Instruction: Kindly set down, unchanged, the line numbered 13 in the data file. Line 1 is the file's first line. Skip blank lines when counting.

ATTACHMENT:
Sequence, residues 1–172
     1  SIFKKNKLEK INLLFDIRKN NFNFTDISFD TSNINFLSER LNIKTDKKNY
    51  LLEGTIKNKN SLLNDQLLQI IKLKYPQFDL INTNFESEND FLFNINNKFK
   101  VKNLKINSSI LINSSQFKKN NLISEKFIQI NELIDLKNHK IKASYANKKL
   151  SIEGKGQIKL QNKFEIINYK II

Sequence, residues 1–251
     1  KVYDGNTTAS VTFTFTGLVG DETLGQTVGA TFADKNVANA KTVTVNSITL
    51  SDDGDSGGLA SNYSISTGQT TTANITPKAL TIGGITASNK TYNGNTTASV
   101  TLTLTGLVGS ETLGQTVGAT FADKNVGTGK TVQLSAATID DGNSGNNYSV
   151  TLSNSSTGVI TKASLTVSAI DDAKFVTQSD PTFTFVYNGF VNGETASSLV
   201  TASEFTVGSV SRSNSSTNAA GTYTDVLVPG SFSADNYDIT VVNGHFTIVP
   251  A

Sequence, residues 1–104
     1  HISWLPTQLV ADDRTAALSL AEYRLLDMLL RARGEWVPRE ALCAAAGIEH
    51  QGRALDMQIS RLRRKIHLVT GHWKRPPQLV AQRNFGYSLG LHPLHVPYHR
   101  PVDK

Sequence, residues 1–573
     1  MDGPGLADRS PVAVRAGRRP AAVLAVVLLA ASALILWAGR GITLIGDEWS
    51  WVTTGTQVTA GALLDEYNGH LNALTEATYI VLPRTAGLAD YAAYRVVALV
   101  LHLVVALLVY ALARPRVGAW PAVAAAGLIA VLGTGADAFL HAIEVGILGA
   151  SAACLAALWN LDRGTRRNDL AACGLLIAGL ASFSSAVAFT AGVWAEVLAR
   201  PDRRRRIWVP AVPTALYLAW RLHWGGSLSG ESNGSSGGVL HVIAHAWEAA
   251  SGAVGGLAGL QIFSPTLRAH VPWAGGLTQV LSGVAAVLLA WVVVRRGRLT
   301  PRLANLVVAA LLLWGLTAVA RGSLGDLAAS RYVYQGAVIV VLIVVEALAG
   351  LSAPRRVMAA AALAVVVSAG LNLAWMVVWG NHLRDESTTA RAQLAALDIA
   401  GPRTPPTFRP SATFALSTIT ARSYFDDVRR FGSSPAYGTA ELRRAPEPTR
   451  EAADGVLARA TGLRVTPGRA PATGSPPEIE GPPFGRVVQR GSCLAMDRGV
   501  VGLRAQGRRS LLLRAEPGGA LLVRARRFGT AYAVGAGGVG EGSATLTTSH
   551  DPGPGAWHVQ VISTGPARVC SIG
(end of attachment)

Sequence, residues 1–104